When you debut with a novel like The IPCRESS File, expectations on the second book are high. Very high. And Len Deighton did not disappoint. His central character returns, still working for the same department, still viewing the world with a cynical and unsentimental eye.
This story begins as an operation to provide covert funding for an opposition group in Portugal at a time when it was still controlled by the right-wing government of Salazar. The money is to be forged US dollars recovered from a sunken German submarine. However this soon develops with a sub-plot concerning heroin (hence the title) and a much more alarming legacy of the Second World War.
Deighton provides an immense amount of detailed background, both historical and technical, without once making the book feel like a lecture. Exposition is kept to a minimum and even then it is worked into scenes quite naturally. And we are also treated to further background on the life of an Intelligence operative – the office routines, committee work, and tedium.
The plot and the writing are tighter than the first book, and it examines a subject (Nazi sympathies amongst the British) that many authors would have treated with far greater bias and a great deal less subtlety. The trademark humour and descriptions are still present, as are the intriguing chapter headings and appendices.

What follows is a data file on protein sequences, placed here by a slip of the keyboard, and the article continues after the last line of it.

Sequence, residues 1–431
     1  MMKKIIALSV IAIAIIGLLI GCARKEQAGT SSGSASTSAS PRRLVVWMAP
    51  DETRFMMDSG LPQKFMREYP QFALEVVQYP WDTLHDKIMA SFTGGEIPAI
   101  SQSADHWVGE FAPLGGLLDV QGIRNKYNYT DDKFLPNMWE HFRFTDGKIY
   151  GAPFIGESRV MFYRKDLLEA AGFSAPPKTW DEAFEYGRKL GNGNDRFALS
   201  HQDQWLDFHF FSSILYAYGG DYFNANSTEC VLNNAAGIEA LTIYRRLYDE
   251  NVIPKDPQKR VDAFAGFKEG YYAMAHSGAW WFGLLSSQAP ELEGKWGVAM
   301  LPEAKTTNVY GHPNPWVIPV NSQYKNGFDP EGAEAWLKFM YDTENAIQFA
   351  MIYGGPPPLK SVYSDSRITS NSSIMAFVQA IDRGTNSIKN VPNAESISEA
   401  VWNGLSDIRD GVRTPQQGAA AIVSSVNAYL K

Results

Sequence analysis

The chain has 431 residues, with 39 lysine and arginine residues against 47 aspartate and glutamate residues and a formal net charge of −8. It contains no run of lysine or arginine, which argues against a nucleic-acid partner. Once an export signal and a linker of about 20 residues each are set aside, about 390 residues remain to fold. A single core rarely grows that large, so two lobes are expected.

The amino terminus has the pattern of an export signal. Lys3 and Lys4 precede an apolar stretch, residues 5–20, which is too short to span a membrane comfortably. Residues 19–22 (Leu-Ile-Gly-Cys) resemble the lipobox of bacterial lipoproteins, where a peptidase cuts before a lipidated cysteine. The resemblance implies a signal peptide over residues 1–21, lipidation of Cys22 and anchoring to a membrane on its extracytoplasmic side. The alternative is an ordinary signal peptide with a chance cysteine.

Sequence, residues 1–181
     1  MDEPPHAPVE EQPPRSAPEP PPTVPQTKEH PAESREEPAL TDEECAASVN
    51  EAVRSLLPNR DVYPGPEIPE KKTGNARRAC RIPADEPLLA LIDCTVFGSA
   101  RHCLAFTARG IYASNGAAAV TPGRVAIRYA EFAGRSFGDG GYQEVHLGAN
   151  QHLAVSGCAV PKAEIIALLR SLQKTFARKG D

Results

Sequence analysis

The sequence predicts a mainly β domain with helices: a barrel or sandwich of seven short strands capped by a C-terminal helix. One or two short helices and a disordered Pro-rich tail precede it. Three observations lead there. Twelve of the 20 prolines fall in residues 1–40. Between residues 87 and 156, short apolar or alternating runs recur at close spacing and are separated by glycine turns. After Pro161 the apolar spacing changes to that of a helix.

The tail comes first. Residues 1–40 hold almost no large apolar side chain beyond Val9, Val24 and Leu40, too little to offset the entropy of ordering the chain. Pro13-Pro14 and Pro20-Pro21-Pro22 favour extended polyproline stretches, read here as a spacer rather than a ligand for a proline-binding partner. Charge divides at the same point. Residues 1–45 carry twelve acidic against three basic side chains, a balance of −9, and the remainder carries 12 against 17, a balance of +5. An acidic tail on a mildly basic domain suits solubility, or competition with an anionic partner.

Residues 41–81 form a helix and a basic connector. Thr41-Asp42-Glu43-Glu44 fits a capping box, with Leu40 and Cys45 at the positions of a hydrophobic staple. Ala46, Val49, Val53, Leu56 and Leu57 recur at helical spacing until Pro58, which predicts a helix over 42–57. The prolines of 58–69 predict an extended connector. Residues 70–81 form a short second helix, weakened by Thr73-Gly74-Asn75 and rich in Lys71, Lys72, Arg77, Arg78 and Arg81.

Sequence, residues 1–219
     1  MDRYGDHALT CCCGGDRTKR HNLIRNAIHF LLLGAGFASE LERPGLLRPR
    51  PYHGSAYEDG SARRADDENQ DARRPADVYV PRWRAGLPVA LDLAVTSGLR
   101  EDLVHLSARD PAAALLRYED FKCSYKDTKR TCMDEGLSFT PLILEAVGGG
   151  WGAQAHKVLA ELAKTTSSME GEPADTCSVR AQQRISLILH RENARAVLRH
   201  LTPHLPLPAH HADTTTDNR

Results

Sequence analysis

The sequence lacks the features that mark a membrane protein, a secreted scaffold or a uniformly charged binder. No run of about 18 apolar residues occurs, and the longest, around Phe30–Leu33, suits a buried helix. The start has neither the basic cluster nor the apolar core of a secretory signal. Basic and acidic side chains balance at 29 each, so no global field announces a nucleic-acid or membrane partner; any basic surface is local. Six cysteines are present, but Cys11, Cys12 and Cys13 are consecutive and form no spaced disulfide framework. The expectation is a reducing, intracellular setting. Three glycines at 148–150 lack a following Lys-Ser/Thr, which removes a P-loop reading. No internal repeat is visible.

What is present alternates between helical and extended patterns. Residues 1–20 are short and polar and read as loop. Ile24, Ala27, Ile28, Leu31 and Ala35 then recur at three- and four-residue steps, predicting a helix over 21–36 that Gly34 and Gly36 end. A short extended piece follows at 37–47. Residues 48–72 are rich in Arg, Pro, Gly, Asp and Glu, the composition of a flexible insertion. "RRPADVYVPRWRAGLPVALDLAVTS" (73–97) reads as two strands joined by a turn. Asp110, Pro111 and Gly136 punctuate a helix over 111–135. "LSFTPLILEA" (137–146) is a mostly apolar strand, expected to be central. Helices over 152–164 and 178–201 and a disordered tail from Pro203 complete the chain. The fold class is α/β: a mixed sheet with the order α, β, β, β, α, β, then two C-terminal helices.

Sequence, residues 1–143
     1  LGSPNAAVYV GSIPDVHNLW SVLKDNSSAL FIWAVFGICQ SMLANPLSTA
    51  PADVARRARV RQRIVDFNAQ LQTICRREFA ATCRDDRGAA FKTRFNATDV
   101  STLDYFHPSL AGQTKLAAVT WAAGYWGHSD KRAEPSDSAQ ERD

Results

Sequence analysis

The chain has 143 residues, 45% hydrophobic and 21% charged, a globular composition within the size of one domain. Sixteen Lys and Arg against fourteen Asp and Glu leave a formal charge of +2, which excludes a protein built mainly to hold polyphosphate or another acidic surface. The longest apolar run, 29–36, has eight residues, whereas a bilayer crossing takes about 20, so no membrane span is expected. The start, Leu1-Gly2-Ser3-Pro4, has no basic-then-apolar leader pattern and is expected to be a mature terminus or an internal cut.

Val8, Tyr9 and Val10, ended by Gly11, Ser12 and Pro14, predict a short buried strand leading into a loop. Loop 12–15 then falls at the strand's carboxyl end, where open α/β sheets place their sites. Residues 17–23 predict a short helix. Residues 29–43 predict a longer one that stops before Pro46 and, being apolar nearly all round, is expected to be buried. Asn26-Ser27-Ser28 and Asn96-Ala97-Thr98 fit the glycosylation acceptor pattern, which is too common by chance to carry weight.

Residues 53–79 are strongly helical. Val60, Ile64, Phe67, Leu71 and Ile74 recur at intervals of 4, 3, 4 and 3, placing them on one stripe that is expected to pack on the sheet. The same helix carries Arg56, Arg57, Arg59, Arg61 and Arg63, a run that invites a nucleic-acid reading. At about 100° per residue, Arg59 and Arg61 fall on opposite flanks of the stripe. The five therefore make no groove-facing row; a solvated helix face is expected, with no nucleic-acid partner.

This was the only one of the first quartet of Deighton’s works that was not filmed. It is a shame, as it would have provided excellent material. On the other hand it does allow the book to be read without the shadow of Michael Caine falling across the page. Whilst it is true he made an excellent job of the films, it always clashes in my head with the knowledge of the character’s background as given in the books.
If you want a lesson in subtlety and in constructing a complex plot that mystifies without confusing, this is an excellent book to study. And you’ll get great entertainment from it as well.